Jorge Daniel Taillant es fundador de CEDHA y dirige su trabajo en glaciares y minería

Esta entrada también está disponible en: Spanish

An infrared camera reveals severe and toxic air contamination at numerous oil and gas sites in Argentina

A group of technical experts with cutting edge infrared technology that registers toxic emissions from industrial sites visited Argentina recently, touring key oil and gas extraction and production sites, and registered alarming levels of toxicity. Members of the organization Earthworks and the Center for Human Rights and Environment were invited by Argentina’s Mapuche Indigenous Community to visit numerous oil and gas facilities in Argentina’s Patagonia region, including Argentina’s new Vaca Muerta non-conventional oil and gas play, where new fracking operations have recently gotten underway. Other sites visited included fracking and gas processing facilities in fruit production areas at Allen, Neuquen in Patagonia, as well as refinery installations in the port area of the country capital, Buenos Aires.  In one case at the local town of Vista Alegre (near the provincial capital of Neuquen) the toxic plume emanating from a gas processing plant operated by PECOM (Perez Companc) extended well over two kilometers and headed directly to populated areas.  Toxic emissions from oil and gas operations include methane (a potent green house gas) as well as Volatile Organic Compounds (VOC) which can cause severe health complications, cancer and in some extreme cases, sudden death. [link to all restored videos:]

Accompanied by the Center for Human Rights and Environment (CHRE/CEDHA), founded by Argentina’s former federal Environment Secretary, Romina Picolotti, and invited by the Mapuche Confederation of Neuquen, technical experts from the organization Earthworks, visited Argentina with the objetive of measuring gaseous emissions from the country’s oil and gas sector. Specifically, the team looked at toxic emissions that could put the health and lives of workers and local communities living in the vicinity of oil and gas sites. 

VOCs emissions are typical residual emissions from oil and gas operations, and should be carefully controlled. They can be instantaneously deadly if inhaled suddenly and in large quantities. They are also cancer-causing if exposure is maintained over longer periods. Methane gas, which is also a typically leaked gas from standard operations in the sector, is also a climate change causing agent as it is up to a hundred times more contaminating for the atmosphere than CO2.

The experts were invited by the Mapuche Indigenous community and visited Añelo, the site of Vaca Muerta–where a recent major non-conventional oil and gas reserve (for fracking) was identified and where exploration and production are already underway. The team also visited Rincon de los Sauces (near wine producing  Mendoza Province) and where the oil and gas sector has been active for a number of decades. 

The technical team also toured several oil and gas sites where gas and oil is extracted or processed, in the vicinity of the city of the provincial capital of Neuquen–in Patagonia (accompanied by the organization OPSur), Allen (particularly known for fruit production, where local community members accompanied the group) and Dock Sud, a petroleum and gas refinery area in the national capital of Buenos Aires.  

Some of the companies that were visited and controlled for fugitive emissions leaks, included YPF (the state-owned enterprise), Petrobras (of Brazilian origin), Chevron, Oldelval, Plus Petrol, Pampa Energia, Dapsa and Pecom. In nearly all sites visited (more than 25), fugitive emissions were registered emanating from a variety of oil and gas installations (wells, separators, compressors, pumps, storage tanks, chimneys, and trucks, among others).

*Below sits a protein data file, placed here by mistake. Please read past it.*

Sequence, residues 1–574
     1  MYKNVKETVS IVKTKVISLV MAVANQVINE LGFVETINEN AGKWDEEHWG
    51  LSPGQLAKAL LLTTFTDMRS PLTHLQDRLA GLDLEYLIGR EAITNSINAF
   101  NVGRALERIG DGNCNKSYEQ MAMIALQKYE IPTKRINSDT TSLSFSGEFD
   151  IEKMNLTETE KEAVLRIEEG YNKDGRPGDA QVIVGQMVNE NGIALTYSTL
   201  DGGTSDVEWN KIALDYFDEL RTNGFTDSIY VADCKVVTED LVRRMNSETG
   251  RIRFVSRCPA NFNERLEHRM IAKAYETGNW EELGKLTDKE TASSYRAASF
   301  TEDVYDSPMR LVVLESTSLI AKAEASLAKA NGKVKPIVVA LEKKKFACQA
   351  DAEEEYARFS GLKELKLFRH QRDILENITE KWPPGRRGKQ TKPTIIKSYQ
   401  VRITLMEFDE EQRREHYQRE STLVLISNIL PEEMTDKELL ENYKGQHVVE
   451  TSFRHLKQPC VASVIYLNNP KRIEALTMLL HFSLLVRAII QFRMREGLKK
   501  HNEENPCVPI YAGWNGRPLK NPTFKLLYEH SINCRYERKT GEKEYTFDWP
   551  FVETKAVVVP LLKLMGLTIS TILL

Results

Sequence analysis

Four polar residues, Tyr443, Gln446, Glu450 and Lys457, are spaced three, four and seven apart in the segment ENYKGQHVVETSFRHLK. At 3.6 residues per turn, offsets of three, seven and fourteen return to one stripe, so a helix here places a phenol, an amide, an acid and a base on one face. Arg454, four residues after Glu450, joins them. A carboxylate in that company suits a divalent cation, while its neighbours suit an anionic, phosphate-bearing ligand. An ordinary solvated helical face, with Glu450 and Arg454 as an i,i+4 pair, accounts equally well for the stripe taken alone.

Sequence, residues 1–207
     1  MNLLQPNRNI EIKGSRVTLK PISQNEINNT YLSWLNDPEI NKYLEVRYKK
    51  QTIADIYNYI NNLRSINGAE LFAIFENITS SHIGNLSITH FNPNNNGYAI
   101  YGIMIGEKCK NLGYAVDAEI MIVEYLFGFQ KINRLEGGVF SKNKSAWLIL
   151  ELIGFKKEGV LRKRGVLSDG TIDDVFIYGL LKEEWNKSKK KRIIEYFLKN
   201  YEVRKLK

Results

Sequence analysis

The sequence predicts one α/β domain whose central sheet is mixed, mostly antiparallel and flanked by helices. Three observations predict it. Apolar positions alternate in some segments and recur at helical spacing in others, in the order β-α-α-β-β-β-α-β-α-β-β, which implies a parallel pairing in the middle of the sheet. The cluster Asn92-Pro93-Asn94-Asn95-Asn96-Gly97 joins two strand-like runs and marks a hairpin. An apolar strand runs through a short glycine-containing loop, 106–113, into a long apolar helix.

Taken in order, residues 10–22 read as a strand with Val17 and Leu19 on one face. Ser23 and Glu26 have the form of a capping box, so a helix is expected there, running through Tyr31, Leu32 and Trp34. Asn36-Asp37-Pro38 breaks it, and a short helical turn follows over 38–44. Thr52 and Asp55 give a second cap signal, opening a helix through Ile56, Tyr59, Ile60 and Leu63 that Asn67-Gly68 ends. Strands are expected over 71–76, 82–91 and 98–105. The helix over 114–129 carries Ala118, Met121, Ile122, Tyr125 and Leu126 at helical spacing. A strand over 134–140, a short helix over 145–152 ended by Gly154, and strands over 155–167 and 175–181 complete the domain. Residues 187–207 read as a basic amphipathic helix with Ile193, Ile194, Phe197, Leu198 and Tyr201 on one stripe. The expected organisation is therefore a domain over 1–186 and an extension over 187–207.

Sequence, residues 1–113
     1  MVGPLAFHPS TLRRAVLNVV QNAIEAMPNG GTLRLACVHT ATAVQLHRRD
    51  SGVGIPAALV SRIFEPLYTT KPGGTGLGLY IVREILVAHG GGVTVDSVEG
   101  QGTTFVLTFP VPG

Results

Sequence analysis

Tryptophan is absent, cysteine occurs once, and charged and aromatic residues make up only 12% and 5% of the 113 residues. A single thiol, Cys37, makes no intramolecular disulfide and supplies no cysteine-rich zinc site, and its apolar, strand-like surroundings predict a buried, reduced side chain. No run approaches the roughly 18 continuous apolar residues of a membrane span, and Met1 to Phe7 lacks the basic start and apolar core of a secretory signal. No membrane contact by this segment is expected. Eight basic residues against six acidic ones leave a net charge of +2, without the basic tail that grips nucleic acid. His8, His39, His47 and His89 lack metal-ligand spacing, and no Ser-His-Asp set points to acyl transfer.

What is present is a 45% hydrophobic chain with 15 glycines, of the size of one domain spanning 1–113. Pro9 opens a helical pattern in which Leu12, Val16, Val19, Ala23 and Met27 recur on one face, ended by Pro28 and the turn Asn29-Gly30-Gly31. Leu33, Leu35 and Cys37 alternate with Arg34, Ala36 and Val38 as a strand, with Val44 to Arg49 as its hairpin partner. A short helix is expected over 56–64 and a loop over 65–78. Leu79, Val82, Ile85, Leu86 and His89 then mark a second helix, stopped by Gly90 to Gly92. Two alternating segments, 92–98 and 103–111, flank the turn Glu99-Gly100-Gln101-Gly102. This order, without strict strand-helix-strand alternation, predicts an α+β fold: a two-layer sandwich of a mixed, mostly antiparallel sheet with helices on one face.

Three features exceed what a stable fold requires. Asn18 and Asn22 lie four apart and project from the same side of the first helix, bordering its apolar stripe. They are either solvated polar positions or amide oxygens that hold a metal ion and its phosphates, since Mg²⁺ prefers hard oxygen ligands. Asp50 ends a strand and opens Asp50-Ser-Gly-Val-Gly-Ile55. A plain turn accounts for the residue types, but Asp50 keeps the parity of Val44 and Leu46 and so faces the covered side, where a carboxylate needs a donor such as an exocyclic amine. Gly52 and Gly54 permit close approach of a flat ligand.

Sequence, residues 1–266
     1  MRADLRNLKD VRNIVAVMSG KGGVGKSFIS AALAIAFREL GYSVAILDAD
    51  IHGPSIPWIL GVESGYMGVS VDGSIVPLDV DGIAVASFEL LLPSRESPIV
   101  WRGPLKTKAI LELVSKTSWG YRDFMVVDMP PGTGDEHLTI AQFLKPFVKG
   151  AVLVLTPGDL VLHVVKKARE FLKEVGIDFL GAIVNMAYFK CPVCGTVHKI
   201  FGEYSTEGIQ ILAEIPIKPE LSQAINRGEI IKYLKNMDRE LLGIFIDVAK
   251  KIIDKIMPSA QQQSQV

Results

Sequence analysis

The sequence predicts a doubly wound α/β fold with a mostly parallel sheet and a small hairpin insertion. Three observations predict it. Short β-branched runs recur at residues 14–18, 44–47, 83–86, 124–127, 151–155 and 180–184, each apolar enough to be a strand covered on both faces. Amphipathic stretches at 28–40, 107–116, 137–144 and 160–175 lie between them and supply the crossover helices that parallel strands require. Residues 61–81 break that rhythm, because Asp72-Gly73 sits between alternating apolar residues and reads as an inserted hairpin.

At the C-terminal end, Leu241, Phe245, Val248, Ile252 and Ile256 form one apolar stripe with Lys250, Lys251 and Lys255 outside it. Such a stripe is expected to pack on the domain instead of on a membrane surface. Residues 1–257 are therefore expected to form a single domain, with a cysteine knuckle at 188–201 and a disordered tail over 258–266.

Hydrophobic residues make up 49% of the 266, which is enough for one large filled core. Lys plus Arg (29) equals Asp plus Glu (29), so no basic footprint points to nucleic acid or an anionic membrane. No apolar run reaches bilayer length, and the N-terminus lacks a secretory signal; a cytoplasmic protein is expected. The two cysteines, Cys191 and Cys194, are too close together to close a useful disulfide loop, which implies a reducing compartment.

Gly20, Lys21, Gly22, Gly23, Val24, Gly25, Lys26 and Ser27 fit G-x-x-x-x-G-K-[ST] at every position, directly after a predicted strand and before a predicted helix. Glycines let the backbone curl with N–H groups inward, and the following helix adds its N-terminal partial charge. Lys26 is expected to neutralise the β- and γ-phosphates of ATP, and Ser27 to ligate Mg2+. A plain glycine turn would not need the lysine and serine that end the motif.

What most worries the technical team that carried out the emissions video registering and that later offered a one-day workshop to indigenous leaders and environmental groups in Neuquen Province to share the images and data collected is that the fugitive emissions are completely invisible to the naked eye. If you are standing next to the facilities you don’t see any type of smoke but when looked at through the camera’s view finder, the contamination is alarming.

Pete Dronkers, Earthworks’ certified thermographer said, “The infrared camera we used to reveal this normally invisible oil and gas air pollution is also used by regulators and companies in the U.S. for the same purpose.” He continued, “People exposed to the volatile organic compound pollution we detected can experience negative long and short term health consequences, including cancer. That’s part of the reason why former US President Obama implemented new rules to limit this type of pollution. Rules now-President Trump are trying to kill, although unsuccessfully to date.”

The camera utilized by the experts is a FLIR GF320, valued at over US$100,000. It is commonly utilized by the industry to monitor fugitive leaks of methane, VOC and other toxic gases. In contrast to other infrared cameras which only register heat, the FLIR is carefully calibrated to capture a wide spectrum of gases, including benzene, butane, ethyl benzene, methane, propane, octane, toluene, and xylene. The camera users are especially trained and certified not only to handle the camera, but to interpret the images and data collected. The Earthworks team that visited Argentina regularly conducts spontaneous site checks throughout the United States, and informs communities of their findings and the data collected. They also approach regulatory agencies with their findings and offer legal testimony in cases brought to justice for contamination. As certified operators, their work and opinion are legally admissible in court.